What's going on with you? How are you defining your actions, your successes, your failures. What do you do when you're beating yourself up mentally?

Monday, December 6, 2010

OMG! Are You Your Mother?

Someone handed me a picture of myself. Well, of me standing with one of my delightful offspring. Are you like me? When someone shows you photos, does your laser-gaze hone in on your 2D simulacrum with excruciating perception? "Oh!" You groan. "My eyes are all wonky. And has my nose always been that crooked? What in the world am I looking at? What am I eating?"

(There exists, in my family, a modern day Ansel Adams whose life work seems to be capturing his family eating on film for posterity. If one were to find his cache of photos in 100 years, it will seem to that anthropologist that we are always eating. And...maybe we are....Anyway...)

Someone gave me a picture. And I honed in on that film version of myself. I did not, for once, gasp in horror about my weight or my weird nose. No. This time, I gasped because staring at that camera was not me but...my mother!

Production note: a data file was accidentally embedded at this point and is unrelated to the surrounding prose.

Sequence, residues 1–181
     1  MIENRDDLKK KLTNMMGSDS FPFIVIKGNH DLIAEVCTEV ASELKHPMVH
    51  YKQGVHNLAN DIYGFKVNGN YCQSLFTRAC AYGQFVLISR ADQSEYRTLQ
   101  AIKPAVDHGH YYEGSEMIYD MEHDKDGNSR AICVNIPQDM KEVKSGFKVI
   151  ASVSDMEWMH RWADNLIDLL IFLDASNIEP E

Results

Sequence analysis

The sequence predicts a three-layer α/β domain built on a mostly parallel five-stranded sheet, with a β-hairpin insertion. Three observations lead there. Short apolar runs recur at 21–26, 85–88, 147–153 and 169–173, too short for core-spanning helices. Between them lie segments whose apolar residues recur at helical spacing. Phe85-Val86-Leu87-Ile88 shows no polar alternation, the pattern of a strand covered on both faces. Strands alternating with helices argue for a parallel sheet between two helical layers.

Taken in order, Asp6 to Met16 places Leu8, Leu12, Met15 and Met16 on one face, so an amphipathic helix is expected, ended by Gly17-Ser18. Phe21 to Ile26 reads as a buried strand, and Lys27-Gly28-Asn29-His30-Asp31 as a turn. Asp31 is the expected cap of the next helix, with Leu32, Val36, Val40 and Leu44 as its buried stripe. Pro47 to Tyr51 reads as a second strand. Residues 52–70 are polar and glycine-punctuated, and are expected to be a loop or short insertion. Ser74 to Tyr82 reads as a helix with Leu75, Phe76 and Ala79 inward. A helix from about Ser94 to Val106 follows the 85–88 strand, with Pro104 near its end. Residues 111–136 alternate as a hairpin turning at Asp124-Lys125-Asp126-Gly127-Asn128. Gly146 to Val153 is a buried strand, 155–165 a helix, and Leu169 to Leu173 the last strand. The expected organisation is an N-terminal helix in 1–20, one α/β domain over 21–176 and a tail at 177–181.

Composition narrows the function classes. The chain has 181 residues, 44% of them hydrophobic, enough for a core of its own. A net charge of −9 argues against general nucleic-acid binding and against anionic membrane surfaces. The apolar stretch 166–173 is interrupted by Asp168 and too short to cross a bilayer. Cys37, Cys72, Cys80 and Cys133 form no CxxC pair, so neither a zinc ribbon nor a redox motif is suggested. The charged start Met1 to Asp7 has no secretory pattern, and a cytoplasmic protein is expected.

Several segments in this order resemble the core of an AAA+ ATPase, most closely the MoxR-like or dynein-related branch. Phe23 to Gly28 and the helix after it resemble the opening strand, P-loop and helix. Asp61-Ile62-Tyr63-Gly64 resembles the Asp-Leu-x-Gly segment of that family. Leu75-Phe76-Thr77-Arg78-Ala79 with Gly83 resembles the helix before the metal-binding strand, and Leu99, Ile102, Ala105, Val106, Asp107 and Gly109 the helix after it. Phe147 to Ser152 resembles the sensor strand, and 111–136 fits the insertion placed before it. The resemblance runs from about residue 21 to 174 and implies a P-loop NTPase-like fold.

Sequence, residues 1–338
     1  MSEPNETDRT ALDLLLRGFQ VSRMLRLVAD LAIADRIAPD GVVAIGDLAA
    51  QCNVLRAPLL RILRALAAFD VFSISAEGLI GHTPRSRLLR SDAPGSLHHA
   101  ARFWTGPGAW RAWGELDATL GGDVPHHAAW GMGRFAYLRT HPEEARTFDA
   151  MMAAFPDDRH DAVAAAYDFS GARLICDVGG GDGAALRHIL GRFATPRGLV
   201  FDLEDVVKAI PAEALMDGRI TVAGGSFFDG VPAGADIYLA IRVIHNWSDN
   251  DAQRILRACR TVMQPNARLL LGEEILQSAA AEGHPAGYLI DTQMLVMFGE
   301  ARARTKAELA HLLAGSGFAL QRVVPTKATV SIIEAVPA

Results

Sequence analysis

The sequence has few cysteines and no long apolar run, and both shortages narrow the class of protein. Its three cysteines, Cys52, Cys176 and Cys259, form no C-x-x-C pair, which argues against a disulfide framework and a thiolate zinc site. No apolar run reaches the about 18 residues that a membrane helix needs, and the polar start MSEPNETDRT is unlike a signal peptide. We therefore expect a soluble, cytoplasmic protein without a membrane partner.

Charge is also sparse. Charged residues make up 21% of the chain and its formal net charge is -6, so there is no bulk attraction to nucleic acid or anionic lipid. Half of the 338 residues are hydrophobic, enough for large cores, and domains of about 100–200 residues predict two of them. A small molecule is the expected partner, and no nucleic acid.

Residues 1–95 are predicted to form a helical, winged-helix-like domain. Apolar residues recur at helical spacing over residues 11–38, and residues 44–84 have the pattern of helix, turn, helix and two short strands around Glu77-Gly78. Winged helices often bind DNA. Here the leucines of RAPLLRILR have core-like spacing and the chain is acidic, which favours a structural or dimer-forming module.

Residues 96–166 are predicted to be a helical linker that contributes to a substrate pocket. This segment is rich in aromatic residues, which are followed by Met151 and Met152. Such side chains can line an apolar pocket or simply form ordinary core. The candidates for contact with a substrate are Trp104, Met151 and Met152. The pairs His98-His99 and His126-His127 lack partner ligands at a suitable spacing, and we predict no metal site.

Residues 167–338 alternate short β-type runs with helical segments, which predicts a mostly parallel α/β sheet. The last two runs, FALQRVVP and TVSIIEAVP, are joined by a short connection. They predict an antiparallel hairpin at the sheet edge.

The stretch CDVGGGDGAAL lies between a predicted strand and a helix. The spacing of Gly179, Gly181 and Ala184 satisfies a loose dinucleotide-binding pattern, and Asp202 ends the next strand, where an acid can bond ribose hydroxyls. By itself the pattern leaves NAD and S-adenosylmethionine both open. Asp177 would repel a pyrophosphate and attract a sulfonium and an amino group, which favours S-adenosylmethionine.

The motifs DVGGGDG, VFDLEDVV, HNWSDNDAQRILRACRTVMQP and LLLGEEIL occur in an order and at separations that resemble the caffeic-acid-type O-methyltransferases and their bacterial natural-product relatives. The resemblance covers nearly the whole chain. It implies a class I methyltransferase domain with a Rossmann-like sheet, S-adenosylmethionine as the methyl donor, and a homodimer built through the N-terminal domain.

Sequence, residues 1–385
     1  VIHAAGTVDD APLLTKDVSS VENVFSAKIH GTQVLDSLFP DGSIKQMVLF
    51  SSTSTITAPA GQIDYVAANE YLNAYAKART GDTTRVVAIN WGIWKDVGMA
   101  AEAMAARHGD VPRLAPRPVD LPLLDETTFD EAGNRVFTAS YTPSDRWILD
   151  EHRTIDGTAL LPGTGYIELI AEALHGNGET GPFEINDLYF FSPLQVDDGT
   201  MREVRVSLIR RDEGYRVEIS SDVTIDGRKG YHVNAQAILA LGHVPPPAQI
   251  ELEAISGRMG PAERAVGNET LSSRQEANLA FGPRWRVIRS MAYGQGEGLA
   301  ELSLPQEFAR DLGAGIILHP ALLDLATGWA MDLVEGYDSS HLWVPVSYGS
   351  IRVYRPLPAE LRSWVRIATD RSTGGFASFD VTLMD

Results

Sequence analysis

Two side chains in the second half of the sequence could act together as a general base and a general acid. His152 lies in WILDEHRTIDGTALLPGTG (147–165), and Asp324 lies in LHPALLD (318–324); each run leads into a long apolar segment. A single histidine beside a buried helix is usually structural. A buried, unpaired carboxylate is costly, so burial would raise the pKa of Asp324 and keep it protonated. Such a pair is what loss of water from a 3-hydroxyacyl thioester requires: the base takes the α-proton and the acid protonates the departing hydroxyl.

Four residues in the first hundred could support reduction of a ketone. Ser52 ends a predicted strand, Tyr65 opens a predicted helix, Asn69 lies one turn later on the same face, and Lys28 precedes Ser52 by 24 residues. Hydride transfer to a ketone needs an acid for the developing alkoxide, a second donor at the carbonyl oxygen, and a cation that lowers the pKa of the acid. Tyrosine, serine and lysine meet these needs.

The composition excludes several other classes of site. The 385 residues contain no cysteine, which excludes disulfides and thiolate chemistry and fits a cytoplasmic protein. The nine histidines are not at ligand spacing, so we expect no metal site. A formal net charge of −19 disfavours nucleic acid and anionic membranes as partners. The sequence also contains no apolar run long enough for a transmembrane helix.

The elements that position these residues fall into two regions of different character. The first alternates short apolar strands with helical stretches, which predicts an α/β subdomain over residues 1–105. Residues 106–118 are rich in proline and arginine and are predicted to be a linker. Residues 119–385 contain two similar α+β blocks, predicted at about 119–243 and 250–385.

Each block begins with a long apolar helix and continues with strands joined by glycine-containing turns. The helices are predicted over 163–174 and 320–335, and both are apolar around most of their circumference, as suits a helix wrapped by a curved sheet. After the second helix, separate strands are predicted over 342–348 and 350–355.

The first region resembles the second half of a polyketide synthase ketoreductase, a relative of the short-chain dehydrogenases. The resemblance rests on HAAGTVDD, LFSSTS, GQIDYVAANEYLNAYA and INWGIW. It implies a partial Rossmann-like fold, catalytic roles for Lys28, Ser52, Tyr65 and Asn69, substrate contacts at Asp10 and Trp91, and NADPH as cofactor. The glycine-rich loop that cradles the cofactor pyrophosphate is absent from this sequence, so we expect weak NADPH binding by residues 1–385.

Can you hear the Hitchcockian scream emanating from the earth? That's me, recognizing, not for the first time, that I am, slowly and surely, becoming my mother. Hands on hips, feet splayed, eyebrows cocked in coming disapproval or something.

I'm fairly sure every woman has this moment of maternal cloning horror. All the things that drove us crazy about our mothers have somehow seeped into our DNA, turning us from the hip, intellectual young women we once were (because we were, okay?) into the woman who nagged us to clean our rooms, who pondered our outfit choices with, um, let's call it diplomacy, who reprimanded, scolded and chided.

But.

There's always a but.

That's not all my mother was, and I'd make a bet that yours wasn't either. Sure, we had our moments, when my teen self, rife with hormones and the glittering brilliance of youth and she, the wise and thoughtful woman, argued about curfew and boys and phone calls. But, my mom also was my biggest fan. She still is. My mom told me I could do anything I wanted. She said to try everything I get a chance to do. She let me stumble and she let me fall. Hard. She also picked me up and dusted me off. She put the armor of security on my shoulders and locked it tight. My mom has a knack for saying what I need to hear, not just what I want to hear. And? She was right about almost everything. There are days when I hate that still, but mostly it makes me laugh.